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  • Game of Life on an LED matrix

    I've been meaning to write a "Game of Life" simulation for many years, but I could never find the right motivation. That is, until I discovered the Sure 2416 LED dot matrix board.

    I discussed interfacing to one of these lovely little boards in a previous article. Interfacing to the Sure2416 LED dot matrix display board So we'll use the same companion shield layout for the Game of Life simulator, and the "2416.inc" file that talks to the Sure 2416 board.

    What is the Game of Life?
    The Game of Life, also known simply as Life, is a cellular automaton devised by the British mathematician John Horton Conway in 1970. The game is really a zero-player simulation, meaning that its evolution is determined by its initial state, requiring no further input.

    Conway chose the rules of the simulation after trying many possibilities, some of which caused the cells to die too fast and others which caused too many cells to be born. Life balances these tendencies, making it hard to predict whether a pattern will die out completely, form a stable population, or continue to grow forever.

    Rules of the Game of Life.
    Life is played on a grid of square cells (24 x 16 in our case). A cell (pixel) can be alive or dead. A live cell is shown by illuminating a pixel in its grid location, and a dead cell is shown by extinguishing the pixel in it's grid location. Each cell in the grid has a neighbourhood consisting of the eight cells in every direction including diagonals.

    To apply one step of the rules, we count the number of live neighbours for each cell. What happens next depends on this value.

    • A dead cell with exactly three live neighbours becomes a live cell (Birth).
    • A live cell with two or three live neighbours stays alive (survival).
    • In all other cases, a cell dies or remains dead (overcrowding or loneliness).

    The number of live neighbours is always based on the cells before the rules are applied. In other words, we must first find all of the cells that change before changing any of them. Which is why the BASIC source code uses a double buffer. The rules are applied to the shadow buffer, then transferred to the main buffer for display on the LEDs.

    Proton implementation.
    The code for the Life game is far from complex in its operation, as it must follow the strict rules of the game. Its relative complexity comes from the double buffering method that must be used, as outlined in the above paragraph.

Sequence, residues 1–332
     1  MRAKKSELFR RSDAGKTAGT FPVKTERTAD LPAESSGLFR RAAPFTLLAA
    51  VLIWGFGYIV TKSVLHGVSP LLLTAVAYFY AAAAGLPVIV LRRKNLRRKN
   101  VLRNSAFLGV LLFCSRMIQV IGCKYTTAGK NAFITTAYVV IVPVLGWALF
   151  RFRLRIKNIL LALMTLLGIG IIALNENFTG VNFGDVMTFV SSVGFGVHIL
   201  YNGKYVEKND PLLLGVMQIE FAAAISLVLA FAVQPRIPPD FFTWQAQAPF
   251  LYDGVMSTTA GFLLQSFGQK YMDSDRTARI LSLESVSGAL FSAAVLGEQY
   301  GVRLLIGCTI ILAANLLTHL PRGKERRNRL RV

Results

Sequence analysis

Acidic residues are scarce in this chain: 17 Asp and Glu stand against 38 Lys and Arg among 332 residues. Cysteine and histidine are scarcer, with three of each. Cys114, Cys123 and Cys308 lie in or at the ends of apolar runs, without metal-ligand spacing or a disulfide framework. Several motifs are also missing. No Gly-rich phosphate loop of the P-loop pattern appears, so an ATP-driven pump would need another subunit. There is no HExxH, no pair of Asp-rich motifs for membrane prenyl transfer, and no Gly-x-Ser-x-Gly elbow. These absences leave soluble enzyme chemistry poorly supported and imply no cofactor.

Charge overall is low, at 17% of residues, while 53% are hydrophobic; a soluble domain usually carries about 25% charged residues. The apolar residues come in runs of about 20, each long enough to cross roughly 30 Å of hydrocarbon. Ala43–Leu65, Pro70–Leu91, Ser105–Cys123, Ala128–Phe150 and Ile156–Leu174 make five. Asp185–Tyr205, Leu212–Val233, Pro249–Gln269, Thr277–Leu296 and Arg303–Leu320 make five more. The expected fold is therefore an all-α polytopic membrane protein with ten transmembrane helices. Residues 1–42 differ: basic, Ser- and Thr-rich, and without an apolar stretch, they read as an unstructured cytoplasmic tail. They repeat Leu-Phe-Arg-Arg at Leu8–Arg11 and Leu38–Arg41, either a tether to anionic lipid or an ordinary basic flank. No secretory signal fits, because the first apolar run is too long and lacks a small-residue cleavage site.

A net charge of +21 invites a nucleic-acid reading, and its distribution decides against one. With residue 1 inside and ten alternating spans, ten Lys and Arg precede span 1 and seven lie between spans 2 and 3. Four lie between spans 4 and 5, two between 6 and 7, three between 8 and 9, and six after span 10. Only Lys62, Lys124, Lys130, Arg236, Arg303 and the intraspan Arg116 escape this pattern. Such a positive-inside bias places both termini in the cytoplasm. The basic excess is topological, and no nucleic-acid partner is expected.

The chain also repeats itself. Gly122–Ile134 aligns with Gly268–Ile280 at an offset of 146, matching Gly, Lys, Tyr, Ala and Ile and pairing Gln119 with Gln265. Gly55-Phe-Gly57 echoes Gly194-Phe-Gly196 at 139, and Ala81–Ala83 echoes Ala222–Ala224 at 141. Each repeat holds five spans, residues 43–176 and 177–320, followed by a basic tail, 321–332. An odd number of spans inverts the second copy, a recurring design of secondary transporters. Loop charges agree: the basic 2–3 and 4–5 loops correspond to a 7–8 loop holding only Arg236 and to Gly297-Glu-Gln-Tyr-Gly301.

This is normally accomplished by creating two arrays, however, this is rather wasteful of RAM and cumbersome in operation, especially when we're using an interface that already has its display mapped to RAM. Therefore we only require a single shadow RAM area. i.e. a byte array.

    The shadow RAM is manipulated in the same manner as the display RAM, by versions of the HT_Plot, and HT_Pixel routines. These are named Shadow_Plot and Shadow_Pixel. This makes for an easier to follow program flow.

    The Proton BASIC source codes for the Game of Life can be downloaded from here: Game_Of_Life_Code.zip

    There are two versions within the folder, the first is named "Game_Of_Life.bas" and uses a fixed pseudo random number generator for its initial startup pattern. The second version is named "Game_Of_Life_Button.bas", and this uses a 16-bit timer to seed the pseudo random number generator based upon when the button is pressed. The second version also has a scrolling text start-up screen, which you may find interesting.

    A circuit for the addition of the button to the existing companion shield to Sure 2416 display is shown below:

    A layout for the above circuit is shown below:

    The Google Sketchup model of the layout, as well as the original companion shield to Sure 2416 layout can be downloaded from here:Sketchup Companion Shield with 2416 Header and Button.zip

    A video of the Game of Life running on the Sure 2416 LED display is shown below:

    Les Johnson
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